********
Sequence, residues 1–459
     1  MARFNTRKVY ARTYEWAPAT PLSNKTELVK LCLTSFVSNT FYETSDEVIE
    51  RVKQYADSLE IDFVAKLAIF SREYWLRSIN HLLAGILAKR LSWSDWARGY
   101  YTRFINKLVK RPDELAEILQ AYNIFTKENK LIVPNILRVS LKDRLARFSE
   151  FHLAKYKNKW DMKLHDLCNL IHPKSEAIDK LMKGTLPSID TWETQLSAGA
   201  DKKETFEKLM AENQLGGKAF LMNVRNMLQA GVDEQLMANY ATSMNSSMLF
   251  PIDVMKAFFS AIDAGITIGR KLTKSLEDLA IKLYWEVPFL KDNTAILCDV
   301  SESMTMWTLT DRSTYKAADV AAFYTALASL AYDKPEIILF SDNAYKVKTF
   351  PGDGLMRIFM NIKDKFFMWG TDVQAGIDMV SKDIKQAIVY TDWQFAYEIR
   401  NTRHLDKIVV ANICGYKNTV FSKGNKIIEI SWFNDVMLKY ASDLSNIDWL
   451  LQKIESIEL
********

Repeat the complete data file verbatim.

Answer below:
Sequence, residues 1–459
     1  MARFNTRKVY ARTYEWAPAT PLSNKTELVK LCLTSFVSNT FYETSDEVIE
    51  RVKQYADSLE IDFVAKLAIF SREYWLRSIN HLLAGILAKR LSWSDWARGY
   101  YTRFINKLVK RPDELAEILQ AYNIFTKENK LIVPNILRVS LKDRLARFSE
   151  FHLAKYKNKW DMKLHDLCNL IHPKSEAIDK LMKGTLPSID TWETQLSAGA
   201  DKKETFEKLM AENQLGGKAF LMNVRNMLQA GVDEQLMANY ATSMNSSMLF
   251  PIDVMKAFFS AIDAGITIGR KLTKSLEDLA IKLYWEVPFL KDNTAILCDV
   301  SESMTMWTLT DRSTYKAADV AAFYTALASL AYDKPEIILF SDNAYKVKTF
   351  PGDGLMRIFM NIKDKFFMWG TDVQAGIDMV SKDIKQAIVY TDWQFAYEIR
   401  NTRHLDKIVV ANICGYKNTV FSKGNKIIEI SWFNDVMLKY ASDLSNIDWL
   451  LQKIESIEL